A lot of the stories have been told, and re-told, over the years -- and, because of the lack of overall success by the Washington Redskins, they become fodder for those starved for the good ol' days. What they also do, though, is serve as a reminder of the subtle aspects of building a winner. It’s something I was reminded of in the lead-up to last week’s Hall of Fame announcement.
After talking to Joe Jacoby and Donnie Warren and Joe Gibbs, they provided a reminder of what helped drive those championship teams in the 1980s and early '90s. It’s quite telling that the bond remains strong between many players on those teams, especially among the Hogs. One reason former coach Gibbs was excited about Joe Jacoby eventually moving to Charlotte, North Carolina: the ability to spend more time together. Gibbs already checks in on Jacoby every so often.
It’s a bond that might not be able to be created today -- or at least have one as deep -- because of free agency. But you can duplicate that for a little while at least, certainly longer than what the Redskins have done in recent years. It’s not as if players now aren’t as close; the Redskins’ defensive line was tight this season (and offensive lines in the past have been as well). But it’s more short-lived -- the Redskins' defensive line will have a different look in 2016.
Playing together a long time added to the bond and strengthened their ability on the field, leading to three Super Bowl titles in 10 years. When you change rosters every few years, it’s tough to build anything special.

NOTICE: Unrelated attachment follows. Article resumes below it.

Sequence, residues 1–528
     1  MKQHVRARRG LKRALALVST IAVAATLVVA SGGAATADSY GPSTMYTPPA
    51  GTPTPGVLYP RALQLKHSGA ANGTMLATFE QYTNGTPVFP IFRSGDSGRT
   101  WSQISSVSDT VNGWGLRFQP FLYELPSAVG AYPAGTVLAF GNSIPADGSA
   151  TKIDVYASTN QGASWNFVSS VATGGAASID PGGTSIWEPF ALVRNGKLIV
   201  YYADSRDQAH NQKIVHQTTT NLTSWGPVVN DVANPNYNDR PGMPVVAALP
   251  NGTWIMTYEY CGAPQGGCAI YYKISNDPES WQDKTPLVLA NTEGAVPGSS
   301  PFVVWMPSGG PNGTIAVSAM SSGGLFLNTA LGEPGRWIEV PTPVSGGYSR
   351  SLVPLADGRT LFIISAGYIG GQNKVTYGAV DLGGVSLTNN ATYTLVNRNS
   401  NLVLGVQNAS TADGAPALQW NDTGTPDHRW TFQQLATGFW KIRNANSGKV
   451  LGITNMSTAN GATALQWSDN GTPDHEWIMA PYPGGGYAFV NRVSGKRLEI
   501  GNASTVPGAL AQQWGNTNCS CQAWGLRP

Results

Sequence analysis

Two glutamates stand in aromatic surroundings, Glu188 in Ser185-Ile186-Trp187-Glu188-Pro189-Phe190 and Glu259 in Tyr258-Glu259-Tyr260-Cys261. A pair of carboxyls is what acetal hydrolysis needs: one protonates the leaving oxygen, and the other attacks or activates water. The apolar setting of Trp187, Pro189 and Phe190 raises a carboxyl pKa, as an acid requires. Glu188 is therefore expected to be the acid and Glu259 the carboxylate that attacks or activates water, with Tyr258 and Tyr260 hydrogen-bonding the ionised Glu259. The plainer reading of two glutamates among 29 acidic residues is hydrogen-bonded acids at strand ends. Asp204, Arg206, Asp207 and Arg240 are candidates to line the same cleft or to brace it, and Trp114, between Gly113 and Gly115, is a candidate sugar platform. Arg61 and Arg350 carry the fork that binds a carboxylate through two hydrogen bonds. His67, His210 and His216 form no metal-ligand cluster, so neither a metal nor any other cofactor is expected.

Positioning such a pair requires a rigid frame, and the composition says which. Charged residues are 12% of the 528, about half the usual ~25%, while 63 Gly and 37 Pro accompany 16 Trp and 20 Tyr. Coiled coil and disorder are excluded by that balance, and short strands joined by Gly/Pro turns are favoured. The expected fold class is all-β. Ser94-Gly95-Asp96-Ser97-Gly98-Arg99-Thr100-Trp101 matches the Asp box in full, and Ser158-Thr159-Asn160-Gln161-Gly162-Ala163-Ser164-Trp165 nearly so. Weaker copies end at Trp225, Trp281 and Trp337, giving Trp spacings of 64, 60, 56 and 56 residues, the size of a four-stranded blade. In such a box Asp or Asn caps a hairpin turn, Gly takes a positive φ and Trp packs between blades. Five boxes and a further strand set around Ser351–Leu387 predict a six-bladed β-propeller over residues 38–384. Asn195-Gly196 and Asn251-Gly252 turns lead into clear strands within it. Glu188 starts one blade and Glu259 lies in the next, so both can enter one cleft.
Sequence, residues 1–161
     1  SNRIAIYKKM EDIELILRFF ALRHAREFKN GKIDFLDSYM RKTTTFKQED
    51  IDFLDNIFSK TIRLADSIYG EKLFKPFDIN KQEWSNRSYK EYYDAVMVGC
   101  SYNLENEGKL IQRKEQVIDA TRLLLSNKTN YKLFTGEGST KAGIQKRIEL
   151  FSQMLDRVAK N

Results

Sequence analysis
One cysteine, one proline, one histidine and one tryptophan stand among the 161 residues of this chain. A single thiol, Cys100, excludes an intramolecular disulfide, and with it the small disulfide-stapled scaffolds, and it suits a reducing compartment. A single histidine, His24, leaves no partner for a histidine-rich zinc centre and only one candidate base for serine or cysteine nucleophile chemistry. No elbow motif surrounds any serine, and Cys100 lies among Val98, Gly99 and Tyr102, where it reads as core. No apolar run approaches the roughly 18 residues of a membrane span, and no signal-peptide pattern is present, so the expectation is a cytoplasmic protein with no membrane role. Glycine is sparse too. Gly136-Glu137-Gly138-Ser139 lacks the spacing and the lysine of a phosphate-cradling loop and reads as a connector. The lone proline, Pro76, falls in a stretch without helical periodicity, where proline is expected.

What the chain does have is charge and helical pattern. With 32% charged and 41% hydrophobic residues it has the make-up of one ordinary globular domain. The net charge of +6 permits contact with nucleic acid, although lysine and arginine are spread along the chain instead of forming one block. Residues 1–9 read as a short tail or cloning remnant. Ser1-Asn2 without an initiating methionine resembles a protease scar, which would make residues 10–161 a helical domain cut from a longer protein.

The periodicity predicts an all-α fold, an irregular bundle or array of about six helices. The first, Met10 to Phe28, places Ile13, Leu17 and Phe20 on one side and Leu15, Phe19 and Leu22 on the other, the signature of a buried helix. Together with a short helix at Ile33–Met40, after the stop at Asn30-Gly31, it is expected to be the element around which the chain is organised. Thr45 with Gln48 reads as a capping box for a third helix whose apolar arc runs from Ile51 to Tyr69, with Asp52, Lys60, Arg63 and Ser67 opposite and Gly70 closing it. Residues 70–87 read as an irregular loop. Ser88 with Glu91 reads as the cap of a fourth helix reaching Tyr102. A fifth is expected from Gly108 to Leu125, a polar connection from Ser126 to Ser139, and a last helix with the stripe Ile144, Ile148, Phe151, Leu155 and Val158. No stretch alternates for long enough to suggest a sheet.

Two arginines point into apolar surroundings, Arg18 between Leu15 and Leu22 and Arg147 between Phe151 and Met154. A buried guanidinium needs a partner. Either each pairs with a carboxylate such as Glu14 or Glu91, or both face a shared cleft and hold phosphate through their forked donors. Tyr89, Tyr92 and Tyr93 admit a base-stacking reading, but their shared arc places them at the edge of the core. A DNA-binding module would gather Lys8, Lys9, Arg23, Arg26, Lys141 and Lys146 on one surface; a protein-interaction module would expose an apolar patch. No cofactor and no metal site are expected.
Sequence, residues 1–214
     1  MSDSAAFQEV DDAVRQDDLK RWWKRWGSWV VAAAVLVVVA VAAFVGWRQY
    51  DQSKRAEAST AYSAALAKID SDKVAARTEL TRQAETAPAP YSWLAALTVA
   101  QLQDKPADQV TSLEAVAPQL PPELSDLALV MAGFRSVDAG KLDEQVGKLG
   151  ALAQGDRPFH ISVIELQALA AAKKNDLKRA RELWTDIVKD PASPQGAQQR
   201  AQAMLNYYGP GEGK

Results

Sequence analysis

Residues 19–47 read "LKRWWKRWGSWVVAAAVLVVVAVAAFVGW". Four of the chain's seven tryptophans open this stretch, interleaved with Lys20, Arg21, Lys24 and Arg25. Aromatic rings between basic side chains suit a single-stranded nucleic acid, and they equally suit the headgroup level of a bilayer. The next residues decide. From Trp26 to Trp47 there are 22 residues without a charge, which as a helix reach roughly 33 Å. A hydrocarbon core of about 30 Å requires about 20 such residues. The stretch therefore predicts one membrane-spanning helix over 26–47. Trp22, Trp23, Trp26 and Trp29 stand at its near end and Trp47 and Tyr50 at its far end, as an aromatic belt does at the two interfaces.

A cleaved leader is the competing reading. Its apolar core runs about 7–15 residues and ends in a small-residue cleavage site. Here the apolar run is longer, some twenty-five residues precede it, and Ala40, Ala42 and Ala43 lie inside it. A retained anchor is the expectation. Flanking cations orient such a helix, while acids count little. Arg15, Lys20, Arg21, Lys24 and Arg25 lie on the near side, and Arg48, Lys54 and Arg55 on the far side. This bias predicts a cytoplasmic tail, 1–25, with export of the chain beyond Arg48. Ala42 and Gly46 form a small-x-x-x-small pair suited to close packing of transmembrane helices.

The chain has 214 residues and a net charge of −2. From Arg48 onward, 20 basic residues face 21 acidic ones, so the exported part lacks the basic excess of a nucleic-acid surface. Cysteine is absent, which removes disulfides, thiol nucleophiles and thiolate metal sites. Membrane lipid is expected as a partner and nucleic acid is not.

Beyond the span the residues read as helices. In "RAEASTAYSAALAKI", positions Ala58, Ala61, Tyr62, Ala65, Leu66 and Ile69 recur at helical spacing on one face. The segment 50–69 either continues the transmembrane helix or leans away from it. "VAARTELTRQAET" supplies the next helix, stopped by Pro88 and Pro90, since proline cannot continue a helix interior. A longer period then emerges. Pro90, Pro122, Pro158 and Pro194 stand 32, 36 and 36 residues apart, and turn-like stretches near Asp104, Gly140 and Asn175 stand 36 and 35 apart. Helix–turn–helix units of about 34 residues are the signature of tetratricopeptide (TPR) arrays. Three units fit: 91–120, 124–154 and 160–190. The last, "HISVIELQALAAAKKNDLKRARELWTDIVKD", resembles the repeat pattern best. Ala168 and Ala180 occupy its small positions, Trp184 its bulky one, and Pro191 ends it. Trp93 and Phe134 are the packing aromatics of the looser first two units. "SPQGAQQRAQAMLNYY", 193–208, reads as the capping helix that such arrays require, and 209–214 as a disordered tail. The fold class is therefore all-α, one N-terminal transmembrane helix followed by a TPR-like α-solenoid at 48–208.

"Obviously we were great as a group, but what made us great is that we played for a long time together," said former Redskins tight end Warren. "We knew where everybody was going to be at all times, their footwork. I knew on a counter trey if I’m running to the left side and Jake is to the right of me, I knew exactly where his footwork was going to be and what footwork I had to stay with. That makes things a hell of a lot easier on the edge."
And the best way to develop this sort of situation is through the draft. It’s one reason general manager Scot McCloughan advocates such a plan. Free agency in its current form did not exist in the 1980s, so it was easier to keep guys together. But it also shows what can happen when you draft and develop players, too.
In the past, I used to do a survey of Redskins players asking their favorite football memories. Inevitably, they would have occurred with other teams -- typically the ones that drafted them. That’s a big offshoot of going the route Washington is, building its roster through the draft. You get to raise players in your system, not force them to adapt from something that perhaps made them successful in the first place. You get to, perhaps, have them build a different level of camaraderie and trust because they would have been raised as NFL players together.
The Redskins' offense is in a better place, with possibly all five starting linemen next season as former draft picks -- along with the quarterback, tight end, slot receiver and, perhaps, running back. Perhaps it’s even bigger for the line to be this way considering how often they must work in concert (yes, receivers and quarterbacks, too). Just look at Warren’s comment above one more time.
The defense will be the focal point this offseason and needs more homegrown talent (not everyone needs to be; free agency has a rightful place in building a team, but not as the focal point). It’s not as if signing free agents is a bad thing. It’s not. But the draft provides a better chance at shaping a culture to your liking. Of course, the 1980s Redskins won, and that prevented the worst part of the past 15 years: constant change. The Redskins' past two drafts have been solid, especially this past one, and now they are coming off a winning season. It’s a good start toward getting where they need to go.